"If you want something you've never had then you've got to do something you've never done..."
After a seven hour overnight Uzbek Air flight plus a five hour local departure delay, we landed safely in Bukhara and checked in at the Grand Bukhara Hotel.
The city is locally known as Buxoro. A caravansary city rich in history and dramatic architecture. The city’s most famous landmark, the Kalyan Minaret is the greatest remnant of truly old Bukhara; Genghis Khan destroyed most of the city, but left the minaret standing, supposedly because he was struck by its beauty. Locals take wedding pictures with this minaret as a symbol of their undying love.
Part of the Kalyan Ensemble, the Mir-i Arab Madrasah was built across from the Kalyan Mosque in the 1530's, during the reign of Ubaydallah Khan, of the Shaybanid in Bukhara. It is still an active madrasah. Like the Kalyan Mosque, it exhibits traditional four courtyards. Over one hundred spacious student cells are located behind the double-height courtyard arcade. Each of the courtyard façades contains a central area that functions as a summer classroom. The tomb of the madrasah's founder, Mir-i Arab, occupies the largest classroom, located behind the main façade.
Bukhara, with its population of a quarter of a million, is a major attraction for travellers following the old Silk Road. Celebrating its 2,500th anniversary Bukhara’s mud-coloured buildings, the city’s subdued desert hues and centuries old buildings exude their own exotic air of ancient culture.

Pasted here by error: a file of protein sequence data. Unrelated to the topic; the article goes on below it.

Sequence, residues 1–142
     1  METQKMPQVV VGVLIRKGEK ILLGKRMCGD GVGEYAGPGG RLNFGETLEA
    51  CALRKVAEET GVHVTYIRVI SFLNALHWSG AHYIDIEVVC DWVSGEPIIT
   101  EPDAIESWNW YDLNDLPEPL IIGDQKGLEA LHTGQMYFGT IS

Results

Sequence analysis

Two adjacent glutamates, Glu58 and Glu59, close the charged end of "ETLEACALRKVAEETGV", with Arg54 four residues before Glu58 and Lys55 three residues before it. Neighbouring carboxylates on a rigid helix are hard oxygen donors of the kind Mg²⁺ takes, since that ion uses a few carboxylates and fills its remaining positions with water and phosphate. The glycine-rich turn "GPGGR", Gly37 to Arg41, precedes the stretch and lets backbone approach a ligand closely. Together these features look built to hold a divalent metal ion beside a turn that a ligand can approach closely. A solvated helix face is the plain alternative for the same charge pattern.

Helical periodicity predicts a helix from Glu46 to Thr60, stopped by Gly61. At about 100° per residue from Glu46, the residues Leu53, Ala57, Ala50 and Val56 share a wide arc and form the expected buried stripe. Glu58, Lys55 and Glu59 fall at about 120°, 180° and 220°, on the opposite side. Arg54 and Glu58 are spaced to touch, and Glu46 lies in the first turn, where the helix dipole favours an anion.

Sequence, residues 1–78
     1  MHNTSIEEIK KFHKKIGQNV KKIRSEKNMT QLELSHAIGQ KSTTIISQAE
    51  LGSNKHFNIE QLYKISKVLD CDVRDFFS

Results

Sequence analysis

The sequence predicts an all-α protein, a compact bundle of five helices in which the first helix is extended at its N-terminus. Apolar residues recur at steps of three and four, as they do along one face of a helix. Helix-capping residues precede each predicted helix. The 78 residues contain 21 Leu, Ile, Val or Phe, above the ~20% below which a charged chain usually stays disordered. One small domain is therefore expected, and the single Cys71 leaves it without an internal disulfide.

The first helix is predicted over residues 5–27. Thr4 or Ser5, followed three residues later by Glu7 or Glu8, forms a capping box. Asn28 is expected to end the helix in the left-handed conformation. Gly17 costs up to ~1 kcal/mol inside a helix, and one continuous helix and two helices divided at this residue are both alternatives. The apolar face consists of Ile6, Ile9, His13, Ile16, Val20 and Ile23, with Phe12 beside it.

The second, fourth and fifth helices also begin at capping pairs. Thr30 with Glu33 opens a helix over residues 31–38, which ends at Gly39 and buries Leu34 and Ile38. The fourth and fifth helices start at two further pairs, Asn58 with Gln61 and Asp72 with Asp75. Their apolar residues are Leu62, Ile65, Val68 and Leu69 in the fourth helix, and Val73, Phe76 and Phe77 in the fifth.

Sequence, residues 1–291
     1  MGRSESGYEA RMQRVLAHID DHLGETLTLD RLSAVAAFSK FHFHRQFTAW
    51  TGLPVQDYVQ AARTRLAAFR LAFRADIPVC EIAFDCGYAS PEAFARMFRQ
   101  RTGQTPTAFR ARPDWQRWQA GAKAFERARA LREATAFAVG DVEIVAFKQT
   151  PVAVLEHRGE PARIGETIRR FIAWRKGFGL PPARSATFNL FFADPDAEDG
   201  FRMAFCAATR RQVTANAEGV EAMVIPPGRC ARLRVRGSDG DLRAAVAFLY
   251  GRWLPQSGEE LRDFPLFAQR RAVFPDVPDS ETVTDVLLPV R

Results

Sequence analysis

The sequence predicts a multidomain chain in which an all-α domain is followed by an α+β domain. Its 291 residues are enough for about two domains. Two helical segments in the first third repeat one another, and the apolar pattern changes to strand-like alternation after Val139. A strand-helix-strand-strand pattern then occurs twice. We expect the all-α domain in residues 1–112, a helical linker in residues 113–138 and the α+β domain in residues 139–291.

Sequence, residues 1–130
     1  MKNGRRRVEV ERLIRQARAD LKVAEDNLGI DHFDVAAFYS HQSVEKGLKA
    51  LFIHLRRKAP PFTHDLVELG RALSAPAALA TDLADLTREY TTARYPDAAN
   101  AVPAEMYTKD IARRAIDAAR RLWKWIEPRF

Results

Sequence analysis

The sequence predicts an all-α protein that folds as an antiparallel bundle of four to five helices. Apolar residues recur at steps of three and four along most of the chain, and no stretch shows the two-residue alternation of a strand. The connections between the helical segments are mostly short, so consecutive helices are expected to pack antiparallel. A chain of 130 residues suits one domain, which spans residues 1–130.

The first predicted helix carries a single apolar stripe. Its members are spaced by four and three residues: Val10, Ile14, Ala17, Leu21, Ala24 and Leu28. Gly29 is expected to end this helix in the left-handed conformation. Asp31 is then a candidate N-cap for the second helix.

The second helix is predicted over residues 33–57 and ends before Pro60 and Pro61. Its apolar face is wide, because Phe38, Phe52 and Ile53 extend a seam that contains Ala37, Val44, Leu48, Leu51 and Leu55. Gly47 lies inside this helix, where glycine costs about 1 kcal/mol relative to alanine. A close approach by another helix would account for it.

The tenth century Ismail Samani Mausoleum is one of Bukhara's oldest monuments. Built for the founder of the Samanid dynasty, its delicate terracotta brickwork disguises 2metre thick walls that have never needed repair in the 1100 years it has stood here. Ancient technology at its best.
Close by is another mausoleum with a conical cupola. It is said that Nabi Ayub struck the ground with his staff and hit upon a life giving spring of water during a drought when crops, animals and people perished. This mausoleum was erected over that spring.
Ancient souks with shops named “Ali Baba and the Forty Robberies” sells traditional carpets, ceramics and modern wares. Age old hamams (turkish baths) can be found all over the city. In winter, the blowing winds relentlessly reminds visitors of the hardship endured by its inhabitants. Fur hats and warm gear are sold everywhere by street vendors to ward off the cold.
Twenty minutes from Bukhara lies the Sufi shrine complex of Bahauddin Nakshabandi. It’s a large complex with a main mosque. There is a large petrified tree supposedly blessed. Pilgrims walk around it and under its branches and tie knots onto the tree saying silent prayers. People come here from all over Uzbekistan as it is considered by some as an adequate substitution for the Hajj Pilgrimage to Mecca.
We had typical Uzbek food which consists of bread and a variety of salad, a soup/stew followed by the main meat course. Green or oolong tea flowed copiously during each meal. Our search for the well known Nasi Bokhara led to the discovery that there are more than a dozen varieties of Pilaf Rice throughout Uzbekistan. And Pilaf Rice in Bukhara would be Nasi Bukhara, in Samarkand it would be Nasi Samarkand and Nasi Tashkent in Tashkent. Anyone found Mee Bandung in Bandung? All in all, we enjoyed the food varieties.